Research Roundup (Winter ’15, Week 2)

Every week, our Research Editors highlight a few of the latest headlines in science news and explain why these pieces are interesting and applicable to our classes at UC San Diego. If you find an engaging science article, share it with us on our Facebook page and your highlight might even be featured!

First contracting human muscle grown in laboratory | Science Daily

Scientists have grown human skeletal muscle in the lab that contracts and responds to stimuli like real tissue. This has the potential to be used in clinical trials to test drugs without putting a patient’s health at risk from possible side effects.

If you are interested in physiology, consider taking Human Physiology (BIPN 100).

— Jasmine Chau | Sr. Research Editor

Antibiotics in Blood Can Make Malaria Mosquitoes Mightier | Scientific American

Scientists discovered that some antibiotics can increase a mosquito’s susceptibility to the malaria parasite, leading to to a more rapid spread of the disease. More research needs to be done on various antibiotics to see which are enabling the spread of malaria.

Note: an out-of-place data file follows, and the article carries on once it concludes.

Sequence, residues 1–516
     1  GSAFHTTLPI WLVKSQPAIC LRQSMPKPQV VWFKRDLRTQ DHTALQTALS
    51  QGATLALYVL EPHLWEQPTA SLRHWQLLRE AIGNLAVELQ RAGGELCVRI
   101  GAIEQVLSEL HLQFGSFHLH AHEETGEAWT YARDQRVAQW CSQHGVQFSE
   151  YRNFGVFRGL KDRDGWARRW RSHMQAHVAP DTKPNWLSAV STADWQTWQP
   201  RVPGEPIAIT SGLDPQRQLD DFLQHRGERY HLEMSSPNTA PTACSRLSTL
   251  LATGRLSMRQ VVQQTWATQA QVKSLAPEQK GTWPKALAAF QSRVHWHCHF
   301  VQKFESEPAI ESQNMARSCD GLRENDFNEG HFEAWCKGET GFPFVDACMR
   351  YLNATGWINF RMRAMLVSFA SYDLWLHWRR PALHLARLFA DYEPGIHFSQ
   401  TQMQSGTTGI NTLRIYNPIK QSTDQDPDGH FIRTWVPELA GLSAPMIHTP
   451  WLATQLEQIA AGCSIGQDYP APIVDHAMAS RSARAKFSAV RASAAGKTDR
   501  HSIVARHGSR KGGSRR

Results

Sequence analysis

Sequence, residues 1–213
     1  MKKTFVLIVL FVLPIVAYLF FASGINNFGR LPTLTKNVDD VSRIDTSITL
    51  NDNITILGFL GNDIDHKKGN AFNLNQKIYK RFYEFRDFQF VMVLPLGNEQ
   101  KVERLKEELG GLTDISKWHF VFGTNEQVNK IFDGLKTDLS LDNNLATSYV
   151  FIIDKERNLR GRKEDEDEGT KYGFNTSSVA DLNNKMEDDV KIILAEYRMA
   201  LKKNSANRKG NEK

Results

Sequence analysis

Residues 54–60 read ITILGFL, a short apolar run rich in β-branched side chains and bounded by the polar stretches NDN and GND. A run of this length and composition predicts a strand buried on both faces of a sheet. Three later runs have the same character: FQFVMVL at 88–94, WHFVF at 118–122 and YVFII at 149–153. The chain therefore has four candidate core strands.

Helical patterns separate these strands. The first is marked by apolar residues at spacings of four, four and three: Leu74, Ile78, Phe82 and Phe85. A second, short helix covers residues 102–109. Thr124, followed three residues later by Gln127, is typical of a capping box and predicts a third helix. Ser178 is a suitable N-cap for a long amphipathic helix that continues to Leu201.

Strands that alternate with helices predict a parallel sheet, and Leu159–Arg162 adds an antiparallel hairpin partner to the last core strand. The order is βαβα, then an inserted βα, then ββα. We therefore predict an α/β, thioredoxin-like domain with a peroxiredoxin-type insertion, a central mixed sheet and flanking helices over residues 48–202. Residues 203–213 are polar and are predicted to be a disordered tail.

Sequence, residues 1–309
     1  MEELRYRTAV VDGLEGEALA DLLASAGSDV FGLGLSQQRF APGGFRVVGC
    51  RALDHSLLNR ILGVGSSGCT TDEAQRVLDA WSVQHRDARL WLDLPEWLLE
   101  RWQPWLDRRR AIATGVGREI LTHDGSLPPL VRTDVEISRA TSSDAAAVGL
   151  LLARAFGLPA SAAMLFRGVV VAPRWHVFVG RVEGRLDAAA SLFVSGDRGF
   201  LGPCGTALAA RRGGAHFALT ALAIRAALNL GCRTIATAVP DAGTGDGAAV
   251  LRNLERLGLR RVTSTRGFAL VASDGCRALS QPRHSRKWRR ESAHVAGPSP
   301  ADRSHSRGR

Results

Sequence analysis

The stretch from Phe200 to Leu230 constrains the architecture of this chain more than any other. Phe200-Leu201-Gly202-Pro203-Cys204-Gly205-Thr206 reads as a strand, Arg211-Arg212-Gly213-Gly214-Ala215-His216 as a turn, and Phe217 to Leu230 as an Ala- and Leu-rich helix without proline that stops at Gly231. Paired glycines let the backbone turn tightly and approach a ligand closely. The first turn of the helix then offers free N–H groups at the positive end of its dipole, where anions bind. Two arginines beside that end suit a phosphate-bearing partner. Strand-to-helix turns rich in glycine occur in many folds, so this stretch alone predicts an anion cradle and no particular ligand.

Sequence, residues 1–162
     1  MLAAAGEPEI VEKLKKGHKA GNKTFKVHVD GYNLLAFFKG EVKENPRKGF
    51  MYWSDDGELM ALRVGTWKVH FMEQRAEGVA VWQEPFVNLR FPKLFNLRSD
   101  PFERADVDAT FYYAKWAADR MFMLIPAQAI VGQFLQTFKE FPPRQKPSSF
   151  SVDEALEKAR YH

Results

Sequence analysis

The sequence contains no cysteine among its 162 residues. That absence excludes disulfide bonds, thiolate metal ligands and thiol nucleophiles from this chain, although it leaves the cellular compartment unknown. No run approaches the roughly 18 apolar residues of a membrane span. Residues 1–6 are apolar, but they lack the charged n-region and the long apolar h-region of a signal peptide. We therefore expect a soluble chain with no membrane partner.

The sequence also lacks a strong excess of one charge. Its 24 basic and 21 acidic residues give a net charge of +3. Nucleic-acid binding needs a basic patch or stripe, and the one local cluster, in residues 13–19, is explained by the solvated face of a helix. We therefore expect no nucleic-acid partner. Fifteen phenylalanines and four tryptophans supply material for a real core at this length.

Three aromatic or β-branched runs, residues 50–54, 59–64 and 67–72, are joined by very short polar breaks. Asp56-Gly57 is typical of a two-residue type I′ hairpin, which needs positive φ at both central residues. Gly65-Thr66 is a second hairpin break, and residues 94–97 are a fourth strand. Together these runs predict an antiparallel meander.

If you are interested in diseases, consider taking Immunology (BICD 140).

— Jasmine Chau | Sr. Research Editor

Tattoo-like sensor can detect glucose levels without painful finger prick | Science Daily

Diabetes affects hundreds of millions of people worldwide. Diabetics are often instructed to closely monitor their blood glucose levels to manage the disease. The standard method of checking glucose requires a prick to the finger to draw blood for testing, and the pain that is associated with this technique tends to discourage people from keeping close tabs on their glucose levels. This is about to change, as scientists have developed an ultra-thin and flexible device that sticks to the skin like a rub-on tattoo and can detect a person’s glucose levels through the use of sensors.

If you are interested in diabetes, consider taking Endocrinology (BICD 150).

— Neil Srinivas | Jr. Research Editor

Feeling cold is contagious, scientists find | Science Daily

Researchers have found that just looking at somebody shivering may be enough to make us feel cold. In the study, 36 volunteers each watched eight videos of people putting their hands in cold water. At the same time, the temperature of their own hands was measured, and it was discovered that their hands were significantly colder while watching the ‘cold’ videos than prior to the start of the videos. Researchers hypothesized that since humans are very social creatures, we naturally tend to empathize with other humans in terms of thoughts, physical feelings, and emotions.

If you are interested in psychology, consider taking General Psychology (PSYC 1).

— Neil Srinivas | Jr. Research Editor